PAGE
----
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Houston Nutt is a Lucky Moron

[ 26 ] November 23, 2007 |

Ace Rothstein:

The cardinal rule is to keep them playing and to keep them coming back. The longer they play, the more they lose, and in the end, we get it all.

I’m glad that Arkansas won, but when you have a chance to beat a plainly superior opponent on the road with one play from the 3 yard line, you take it. It was criminal of Nutt not to go for the two point conversion after the first overtime touchdown. Stupidity didn’t pay off this time, but it should have.

…and obviously, he also has a stupid name. Why didn’t his parents just name him “Brazil”?

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Success!

[ 0 ] November 23, 2007 |

The Thanksgiving feast was a total success. I followed much of Alton Brown’s (and your) advice. Lots of photos taken of the delicious maple-glazed turkey, sourdough & porcini mushroom stuffing, roasted taters, etc….

…but I can’t find the damn cable for my digital camera!

So, in the interim, you’ll just have to take my word for it. Thanks for all the advice.

Hope it was a joyous and thoughtful day for all.

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Happy Thanksgiving!

[ 5 ] November 22, 2007 |

Back from Canada, but off to bucolic New England to celebrate your phoney-baloney version of Thanksgiving.

In the meantime, I have to agree that while probably less destructive to political discourse Collins’s columns have even less content than Dowd’s…

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Let’s Get Some Political Science 101 for the Slate Folks…

[ 0 ] November 22, 2007 |

While we’re on the topic of Slate contrarians, here’s Mickey reacting to the Korb/Katulis/Podesta op-ed:

When you write a sentence like:
the progress being made at the local level often undermines the stated goal of creating a unified, stable, democratic Iraq

you have to come up with, you know, an example. Maybe in the next sentence! Podesta et al. argue that Iraqi national reconciliation–and “constructive” intervention by regional powers–will only come when America withdraws. That may be true (though it seems tendentiously optimistic). But we can always withdraw. In the meantime, how does “progress at the local level,” including “declines in the overall level of violence,” actually hurt? Without that argument, the piece looks like positioning. …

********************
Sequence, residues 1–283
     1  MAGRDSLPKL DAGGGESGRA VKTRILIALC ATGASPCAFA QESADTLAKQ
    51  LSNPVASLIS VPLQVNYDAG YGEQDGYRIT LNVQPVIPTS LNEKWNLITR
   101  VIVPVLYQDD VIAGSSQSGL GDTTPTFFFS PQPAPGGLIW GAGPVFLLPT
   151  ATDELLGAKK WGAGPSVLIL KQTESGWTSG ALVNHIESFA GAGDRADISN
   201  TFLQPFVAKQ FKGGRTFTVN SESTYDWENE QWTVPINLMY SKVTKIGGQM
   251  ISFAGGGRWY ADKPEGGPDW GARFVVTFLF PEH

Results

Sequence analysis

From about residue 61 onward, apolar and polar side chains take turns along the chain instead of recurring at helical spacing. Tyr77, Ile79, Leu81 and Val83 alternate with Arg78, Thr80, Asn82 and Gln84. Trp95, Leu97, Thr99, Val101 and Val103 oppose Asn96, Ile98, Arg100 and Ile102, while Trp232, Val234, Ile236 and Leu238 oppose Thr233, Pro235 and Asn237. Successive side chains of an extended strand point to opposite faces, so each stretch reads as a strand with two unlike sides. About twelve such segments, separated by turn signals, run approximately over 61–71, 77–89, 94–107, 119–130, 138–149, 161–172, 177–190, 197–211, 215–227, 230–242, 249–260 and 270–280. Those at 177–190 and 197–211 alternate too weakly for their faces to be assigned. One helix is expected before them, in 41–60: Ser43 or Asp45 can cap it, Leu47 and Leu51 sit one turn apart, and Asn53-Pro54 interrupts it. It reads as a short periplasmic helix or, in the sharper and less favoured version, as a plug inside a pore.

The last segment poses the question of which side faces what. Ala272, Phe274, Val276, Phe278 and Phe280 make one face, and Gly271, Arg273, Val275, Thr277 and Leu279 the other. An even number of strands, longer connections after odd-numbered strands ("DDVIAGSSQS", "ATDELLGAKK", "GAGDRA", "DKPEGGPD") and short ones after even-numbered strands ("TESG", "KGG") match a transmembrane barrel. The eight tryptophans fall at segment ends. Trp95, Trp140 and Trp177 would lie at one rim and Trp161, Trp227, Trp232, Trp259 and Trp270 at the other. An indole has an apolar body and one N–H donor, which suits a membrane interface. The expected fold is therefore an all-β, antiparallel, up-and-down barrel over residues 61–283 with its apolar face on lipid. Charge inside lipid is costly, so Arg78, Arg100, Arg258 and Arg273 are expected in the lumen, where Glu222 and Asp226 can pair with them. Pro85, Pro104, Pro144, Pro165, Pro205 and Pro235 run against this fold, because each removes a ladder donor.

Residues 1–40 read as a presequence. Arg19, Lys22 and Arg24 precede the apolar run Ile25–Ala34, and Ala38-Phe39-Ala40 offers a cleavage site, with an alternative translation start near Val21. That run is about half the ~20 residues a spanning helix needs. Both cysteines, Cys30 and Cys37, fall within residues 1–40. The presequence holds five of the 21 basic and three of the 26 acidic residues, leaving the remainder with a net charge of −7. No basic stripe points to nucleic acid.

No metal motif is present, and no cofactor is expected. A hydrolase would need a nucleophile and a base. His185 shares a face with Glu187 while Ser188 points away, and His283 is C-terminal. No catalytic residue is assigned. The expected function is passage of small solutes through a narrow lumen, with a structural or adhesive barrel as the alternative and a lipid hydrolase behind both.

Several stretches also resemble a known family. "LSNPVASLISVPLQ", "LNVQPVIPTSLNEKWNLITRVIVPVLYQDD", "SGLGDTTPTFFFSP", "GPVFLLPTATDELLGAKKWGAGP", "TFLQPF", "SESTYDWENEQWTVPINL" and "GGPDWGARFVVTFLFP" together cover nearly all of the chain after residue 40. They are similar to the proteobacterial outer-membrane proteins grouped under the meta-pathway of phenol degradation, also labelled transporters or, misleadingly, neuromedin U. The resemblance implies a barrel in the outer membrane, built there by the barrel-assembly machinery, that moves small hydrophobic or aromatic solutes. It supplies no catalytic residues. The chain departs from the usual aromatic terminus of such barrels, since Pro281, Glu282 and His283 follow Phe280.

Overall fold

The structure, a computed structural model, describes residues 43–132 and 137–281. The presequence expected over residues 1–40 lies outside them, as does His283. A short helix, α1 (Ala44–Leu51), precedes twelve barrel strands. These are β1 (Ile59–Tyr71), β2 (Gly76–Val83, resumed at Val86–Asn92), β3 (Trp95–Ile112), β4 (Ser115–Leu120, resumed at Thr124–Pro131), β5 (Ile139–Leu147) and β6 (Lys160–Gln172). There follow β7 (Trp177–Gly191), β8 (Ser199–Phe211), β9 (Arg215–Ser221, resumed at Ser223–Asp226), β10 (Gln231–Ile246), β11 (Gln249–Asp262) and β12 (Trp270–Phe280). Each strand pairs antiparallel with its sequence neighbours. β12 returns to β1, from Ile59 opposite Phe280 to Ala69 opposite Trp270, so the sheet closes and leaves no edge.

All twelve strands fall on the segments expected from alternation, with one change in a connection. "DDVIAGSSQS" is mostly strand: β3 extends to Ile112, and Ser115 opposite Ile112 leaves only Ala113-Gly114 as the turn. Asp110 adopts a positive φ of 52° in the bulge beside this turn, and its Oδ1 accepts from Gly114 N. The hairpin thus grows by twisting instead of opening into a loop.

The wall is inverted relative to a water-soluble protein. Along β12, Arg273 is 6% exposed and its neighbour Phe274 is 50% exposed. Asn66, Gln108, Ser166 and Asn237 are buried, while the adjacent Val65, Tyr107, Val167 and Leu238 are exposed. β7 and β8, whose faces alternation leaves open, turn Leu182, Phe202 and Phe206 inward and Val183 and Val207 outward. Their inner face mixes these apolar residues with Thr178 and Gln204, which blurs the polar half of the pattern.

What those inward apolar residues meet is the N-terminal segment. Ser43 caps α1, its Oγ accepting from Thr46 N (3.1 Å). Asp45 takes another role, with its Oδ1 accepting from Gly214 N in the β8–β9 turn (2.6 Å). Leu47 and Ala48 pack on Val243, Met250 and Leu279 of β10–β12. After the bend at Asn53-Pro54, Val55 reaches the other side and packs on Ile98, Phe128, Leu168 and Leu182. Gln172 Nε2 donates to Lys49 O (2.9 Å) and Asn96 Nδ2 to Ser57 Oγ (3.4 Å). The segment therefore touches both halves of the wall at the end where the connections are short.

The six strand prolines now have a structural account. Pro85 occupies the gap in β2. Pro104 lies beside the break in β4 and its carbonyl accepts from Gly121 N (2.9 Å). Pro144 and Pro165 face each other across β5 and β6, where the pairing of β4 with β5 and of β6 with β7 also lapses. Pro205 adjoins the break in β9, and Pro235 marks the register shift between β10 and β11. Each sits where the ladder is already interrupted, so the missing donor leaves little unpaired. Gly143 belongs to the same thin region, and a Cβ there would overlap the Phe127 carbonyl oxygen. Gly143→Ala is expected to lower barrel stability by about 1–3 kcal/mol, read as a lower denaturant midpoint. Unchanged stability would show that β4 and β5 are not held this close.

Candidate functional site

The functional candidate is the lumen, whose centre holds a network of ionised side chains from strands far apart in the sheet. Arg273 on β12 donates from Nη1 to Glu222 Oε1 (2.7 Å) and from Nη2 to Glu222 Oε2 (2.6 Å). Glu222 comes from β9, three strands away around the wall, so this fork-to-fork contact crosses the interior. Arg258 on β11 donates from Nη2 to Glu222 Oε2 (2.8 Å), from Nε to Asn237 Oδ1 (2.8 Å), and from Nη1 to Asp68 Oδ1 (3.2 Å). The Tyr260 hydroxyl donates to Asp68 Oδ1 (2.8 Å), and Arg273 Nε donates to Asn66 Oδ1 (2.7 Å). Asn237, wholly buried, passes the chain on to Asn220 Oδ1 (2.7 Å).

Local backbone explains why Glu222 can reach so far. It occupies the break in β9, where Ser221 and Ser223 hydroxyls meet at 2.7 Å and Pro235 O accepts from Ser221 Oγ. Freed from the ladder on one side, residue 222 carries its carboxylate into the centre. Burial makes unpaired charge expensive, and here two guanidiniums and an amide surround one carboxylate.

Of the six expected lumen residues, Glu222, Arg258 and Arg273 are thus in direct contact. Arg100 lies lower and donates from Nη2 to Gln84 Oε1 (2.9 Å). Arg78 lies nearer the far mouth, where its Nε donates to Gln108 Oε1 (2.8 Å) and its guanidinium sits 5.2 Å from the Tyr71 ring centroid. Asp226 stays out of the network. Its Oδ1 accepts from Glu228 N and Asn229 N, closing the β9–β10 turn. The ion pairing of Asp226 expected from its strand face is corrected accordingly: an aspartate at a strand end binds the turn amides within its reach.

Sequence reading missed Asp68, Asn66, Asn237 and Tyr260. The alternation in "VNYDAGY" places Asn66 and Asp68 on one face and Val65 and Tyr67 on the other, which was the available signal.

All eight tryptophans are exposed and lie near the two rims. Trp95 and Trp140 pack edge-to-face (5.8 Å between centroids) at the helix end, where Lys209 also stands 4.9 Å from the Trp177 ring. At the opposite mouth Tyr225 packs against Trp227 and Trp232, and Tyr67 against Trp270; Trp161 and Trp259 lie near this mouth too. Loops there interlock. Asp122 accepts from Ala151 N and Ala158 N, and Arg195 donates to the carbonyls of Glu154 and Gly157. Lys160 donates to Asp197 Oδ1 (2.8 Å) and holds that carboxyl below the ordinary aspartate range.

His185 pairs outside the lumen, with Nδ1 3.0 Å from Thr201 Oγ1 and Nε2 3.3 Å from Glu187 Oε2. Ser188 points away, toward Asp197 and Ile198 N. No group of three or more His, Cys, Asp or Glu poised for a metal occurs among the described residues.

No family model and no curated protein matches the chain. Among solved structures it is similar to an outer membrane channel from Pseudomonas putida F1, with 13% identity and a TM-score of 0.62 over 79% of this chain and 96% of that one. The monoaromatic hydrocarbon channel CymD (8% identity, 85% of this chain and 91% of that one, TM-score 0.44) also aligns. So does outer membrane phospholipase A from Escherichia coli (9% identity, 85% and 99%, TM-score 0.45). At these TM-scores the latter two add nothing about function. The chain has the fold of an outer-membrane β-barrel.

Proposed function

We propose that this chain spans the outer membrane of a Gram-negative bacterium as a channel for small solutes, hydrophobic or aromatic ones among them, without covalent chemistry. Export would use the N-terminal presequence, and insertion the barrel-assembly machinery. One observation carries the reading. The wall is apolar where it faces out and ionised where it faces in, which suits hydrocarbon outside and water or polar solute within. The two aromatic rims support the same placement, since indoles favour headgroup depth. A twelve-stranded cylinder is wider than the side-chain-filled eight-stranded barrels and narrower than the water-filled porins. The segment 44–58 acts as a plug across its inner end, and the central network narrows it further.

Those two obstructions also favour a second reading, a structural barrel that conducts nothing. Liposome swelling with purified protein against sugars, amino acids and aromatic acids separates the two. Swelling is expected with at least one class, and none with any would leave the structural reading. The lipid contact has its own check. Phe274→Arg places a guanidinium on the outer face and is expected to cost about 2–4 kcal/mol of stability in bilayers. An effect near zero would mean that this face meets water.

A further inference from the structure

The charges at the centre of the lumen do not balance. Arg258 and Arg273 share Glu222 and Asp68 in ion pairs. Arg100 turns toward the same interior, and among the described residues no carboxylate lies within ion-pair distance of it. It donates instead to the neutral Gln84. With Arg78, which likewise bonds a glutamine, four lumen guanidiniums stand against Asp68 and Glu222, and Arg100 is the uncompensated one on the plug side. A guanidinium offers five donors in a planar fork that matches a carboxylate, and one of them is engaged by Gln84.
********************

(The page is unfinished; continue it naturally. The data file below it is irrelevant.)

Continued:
Alright, let’s go slow and use small words, so that Mickey can understand. The central government is one among many armed, collective actors in Iraq. In most modern nation-states (and in Iraq prior to 2003) the central government is the most powerful armed actor; indeed, Weber’s defines the state as an entity that holds a monopoly on the legitimate use of force within a given territory. Now, central governments don’t always have a complete monopoly, and they don’t hold that monopoly at all times, but at least the idea that the state should be the predominant armed actor in a given territorial space is pretty critical to how a modern-nation state functions. Indeed, it’s one of things that sets a modern-nation state apart from a feudal situation, in which multiple legitimate armed groups exist in society with a centralized, first among equals leader (the classic feudal monarchy), or a warlord society, in which multiple armed actors exist within a territory without necessarily agreeing on any unifying principle.

The problem with the strategy in Iraq (and it’s not the Surge; the tribal strategy precedes the Surge by about six months) is that we are both arming and legitimating non-state actors; in these conditions, it is very difficult for the central government to assert authority, and thus to do any of the things (organize for collective defense, collect taxes, provide services, etc.) that a modern nation-state does. Also, the tribes we’re enabling are among the most conservative, anti-democratic elements of Iraqi society. This is why so many people tend to think that the tribal strategy, whatever its merits in terms of a reduction of violence (and I think it does have merits on this score) is fundamentally at odds with the idea of a unified, democratic Iraq. And that too may be fine; the democratic Iraq idea gave up the ghost a while ago, anyway. But it’s best not to pretend that the tribal strategy is contributing to the goals that were set out four and a half years ago.

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Saletan’s Finale

[ 0 ] November 21, 2007 |

And after all that, nothing. Saletan writes two columns purporting to demonstrate not simply that African-Americans are inherently intellectually inferior to whites, but that liberals who question this finding are anti-science. In other words, the science is so compelling that any argument against the racial inferiority hypothesis must be generated by political, rather than scientific, considerations.